Making plans following high school often causes anxiety for families and students alike. Everyone tosses around so many terms, which causes even more stress. Arizona GEAR UP wants to help simplify the jargon, so we boiled down some of the most common terms below.
Postsecondary Education: think of it as any education or training after high school. Several options include four-year universities, community colleges, certificate programs, trade schools, or the military.
But now we’ve thrown more terms at you. No worries, we’ll provide a breakdown.
- Universities award bachelor’s degrees to students after four years of study involving specific classes related to a student’s primary field of interest (also called a major). Many GEAR UP students receive free money through financial aid and scholarships, which makes this option very affordable. Teachers, architects, engineers, nurses, computer programmers, journalists, and many other careers fall in this category. Arizona State University, Northern Arizona University, and the University of Arizona are examples of four-year universities.
- Community colleges offer several options. Students can earn two-year associate’s degrees for careers such as paralegal, occupational therapy assistant, web developer, and air traffic controller. Also, students who ultimately want to attend a four-year university can take their prerequisite classes (entry-level courses) at a community college at a much lower cost and then transfer to a university for the remaining two years. Community colleges also offer certificate programs for careers such as dental assistants, cosmetologists, massage therapists, and HVAC technicians. Programs vary in length from a few months to a year.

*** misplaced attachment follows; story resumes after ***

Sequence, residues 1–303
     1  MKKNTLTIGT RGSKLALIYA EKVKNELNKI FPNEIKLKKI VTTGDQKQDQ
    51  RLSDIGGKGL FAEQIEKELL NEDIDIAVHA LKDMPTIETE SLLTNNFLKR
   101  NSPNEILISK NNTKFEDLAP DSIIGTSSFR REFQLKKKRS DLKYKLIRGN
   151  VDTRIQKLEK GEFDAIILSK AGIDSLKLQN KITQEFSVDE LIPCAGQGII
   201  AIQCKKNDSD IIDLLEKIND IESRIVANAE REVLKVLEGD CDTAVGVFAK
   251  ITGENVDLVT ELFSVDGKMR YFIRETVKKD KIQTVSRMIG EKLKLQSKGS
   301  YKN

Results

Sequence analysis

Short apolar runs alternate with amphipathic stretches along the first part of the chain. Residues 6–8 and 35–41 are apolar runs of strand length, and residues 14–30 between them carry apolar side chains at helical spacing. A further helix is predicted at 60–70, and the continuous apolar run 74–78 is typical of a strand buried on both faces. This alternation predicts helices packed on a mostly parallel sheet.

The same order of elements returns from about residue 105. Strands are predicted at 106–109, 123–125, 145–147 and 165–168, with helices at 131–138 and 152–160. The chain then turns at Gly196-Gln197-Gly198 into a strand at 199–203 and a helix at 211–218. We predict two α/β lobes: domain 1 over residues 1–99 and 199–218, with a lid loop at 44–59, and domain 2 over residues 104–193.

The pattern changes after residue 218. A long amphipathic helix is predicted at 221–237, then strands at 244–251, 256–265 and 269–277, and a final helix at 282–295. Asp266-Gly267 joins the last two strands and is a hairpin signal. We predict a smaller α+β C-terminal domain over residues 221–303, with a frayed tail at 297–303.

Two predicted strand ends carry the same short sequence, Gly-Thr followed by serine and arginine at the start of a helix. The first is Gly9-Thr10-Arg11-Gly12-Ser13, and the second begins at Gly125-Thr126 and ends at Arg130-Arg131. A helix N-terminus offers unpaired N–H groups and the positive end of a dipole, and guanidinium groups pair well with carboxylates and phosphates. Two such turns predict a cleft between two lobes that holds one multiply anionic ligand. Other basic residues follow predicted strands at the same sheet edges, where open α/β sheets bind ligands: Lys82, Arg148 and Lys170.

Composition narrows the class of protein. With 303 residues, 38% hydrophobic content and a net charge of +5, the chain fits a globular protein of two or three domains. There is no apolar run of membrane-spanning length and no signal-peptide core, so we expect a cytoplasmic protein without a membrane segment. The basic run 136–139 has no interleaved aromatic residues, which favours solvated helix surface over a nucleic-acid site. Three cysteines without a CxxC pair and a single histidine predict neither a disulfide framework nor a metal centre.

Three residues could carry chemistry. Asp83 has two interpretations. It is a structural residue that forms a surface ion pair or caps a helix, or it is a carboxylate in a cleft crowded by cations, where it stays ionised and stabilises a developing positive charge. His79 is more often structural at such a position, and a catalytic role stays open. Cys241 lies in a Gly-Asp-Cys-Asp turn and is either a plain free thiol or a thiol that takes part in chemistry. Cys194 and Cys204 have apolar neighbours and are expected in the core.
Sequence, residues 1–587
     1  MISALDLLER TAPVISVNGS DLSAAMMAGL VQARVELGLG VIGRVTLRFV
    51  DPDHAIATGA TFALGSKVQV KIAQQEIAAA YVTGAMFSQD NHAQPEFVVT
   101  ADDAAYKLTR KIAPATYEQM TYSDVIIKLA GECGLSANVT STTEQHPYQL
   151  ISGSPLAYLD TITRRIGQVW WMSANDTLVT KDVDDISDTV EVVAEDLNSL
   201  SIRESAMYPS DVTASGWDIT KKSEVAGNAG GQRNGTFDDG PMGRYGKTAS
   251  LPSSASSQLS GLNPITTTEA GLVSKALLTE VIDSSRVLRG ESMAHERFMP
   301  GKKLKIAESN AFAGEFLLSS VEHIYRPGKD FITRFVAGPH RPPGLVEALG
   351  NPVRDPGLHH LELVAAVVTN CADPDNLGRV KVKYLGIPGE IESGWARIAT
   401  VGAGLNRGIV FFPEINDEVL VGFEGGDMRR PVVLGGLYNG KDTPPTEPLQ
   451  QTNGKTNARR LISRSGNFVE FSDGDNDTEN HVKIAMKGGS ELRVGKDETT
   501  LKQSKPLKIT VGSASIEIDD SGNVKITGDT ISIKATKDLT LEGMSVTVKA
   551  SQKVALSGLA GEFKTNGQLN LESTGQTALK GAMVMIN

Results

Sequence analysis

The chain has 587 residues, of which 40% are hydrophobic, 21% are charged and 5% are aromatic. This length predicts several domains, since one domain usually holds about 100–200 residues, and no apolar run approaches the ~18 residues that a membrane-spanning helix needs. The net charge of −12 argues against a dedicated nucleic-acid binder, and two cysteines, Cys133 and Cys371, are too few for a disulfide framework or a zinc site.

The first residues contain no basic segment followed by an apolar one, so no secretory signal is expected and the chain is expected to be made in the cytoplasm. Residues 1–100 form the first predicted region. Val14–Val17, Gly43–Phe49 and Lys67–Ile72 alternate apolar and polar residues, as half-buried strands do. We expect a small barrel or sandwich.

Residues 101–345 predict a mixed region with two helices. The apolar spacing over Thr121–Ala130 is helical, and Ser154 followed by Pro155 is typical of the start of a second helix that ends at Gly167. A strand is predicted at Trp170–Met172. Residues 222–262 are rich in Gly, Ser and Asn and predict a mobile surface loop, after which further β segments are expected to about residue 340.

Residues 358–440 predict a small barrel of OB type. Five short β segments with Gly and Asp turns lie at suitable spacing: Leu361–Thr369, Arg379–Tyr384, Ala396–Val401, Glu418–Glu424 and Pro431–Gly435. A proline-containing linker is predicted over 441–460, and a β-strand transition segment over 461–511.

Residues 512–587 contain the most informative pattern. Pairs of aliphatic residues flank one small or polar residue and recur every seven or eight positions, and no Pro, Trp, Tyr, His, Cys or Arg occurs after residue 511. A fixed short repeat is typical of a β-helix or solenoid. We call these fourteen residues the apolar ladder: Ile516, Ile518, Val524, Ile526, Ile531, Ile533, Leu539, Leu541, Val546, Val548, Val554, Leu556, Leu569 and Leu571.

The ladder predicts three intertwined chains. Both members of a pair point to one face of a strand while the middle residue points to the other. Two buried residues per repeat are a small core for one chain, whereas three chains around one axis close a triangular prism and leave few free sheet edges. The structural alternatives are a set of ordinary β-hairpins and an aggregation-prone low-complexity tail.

- Trade schools include certificate programs in trades such as electricians, plumbers, welders, and carpenters. Programs take anywhere from a few months to a few years.
- Military service offers a couple of different options. Students can enlist for a multi-year commitment in their preferred branch of the military right after high school, and they may earn a trade certificate. If students wish to become an officer and earn a bachelor’s degree, ROTC (Reserve Officers’ Training Corps) may fit their needs.
We know that 70 percent of all jobs require some sort of postsecondary education, and people who earn a bachelor’s degree earn more than twice as much as those with less than a high school diploma, so planning now will yield big results long term. Also, people with bachelor’s degrees are less likely to experience unemployment compared to those without degrees.
We’ve covered a lot of information, so which is the best path?
No one correct path exists. We suggest the following conversation starters with your child to help them find the path right for them.
- Dream: How do you envision your ideal life?
- Explore: What careers do you imagine fit your unique personality?
- Plan: What is the path needed for your ideal career?
- Assess: What classes do you need to take in high school to prepare for your plan?
Still have questions? Your GEAR UP coach at your child’s school is a great resource. Give them a call—they’re here to help.